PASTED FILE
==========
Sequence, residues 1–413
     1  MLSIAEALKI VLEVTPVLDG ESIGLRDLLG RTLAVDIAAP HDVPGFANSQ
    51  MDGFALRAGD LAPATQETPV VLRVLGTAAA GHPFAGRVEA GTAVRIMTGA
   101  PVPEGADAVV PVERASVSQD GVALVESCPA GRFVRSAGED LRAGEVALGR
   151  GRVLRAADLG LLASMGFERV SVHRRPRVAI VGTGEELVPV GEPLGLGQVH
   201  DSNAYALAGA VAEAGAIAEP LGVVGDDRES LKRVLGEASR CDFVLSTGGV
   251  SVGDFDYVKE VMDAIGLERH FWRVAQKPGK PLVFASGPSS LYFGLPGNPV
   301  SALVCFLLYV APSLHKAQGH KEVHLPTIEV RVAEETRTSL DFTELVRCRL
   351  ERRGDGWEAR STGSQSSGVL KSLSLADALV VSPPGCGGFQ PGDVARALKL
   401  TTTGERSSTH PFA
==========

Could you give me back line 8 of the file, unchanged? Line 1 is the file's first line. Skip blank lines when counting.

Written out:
   301  SALVCFLLYV APSLHKAQGH KEVHLPTIEV RVAEETRTSL DFTELVRCRL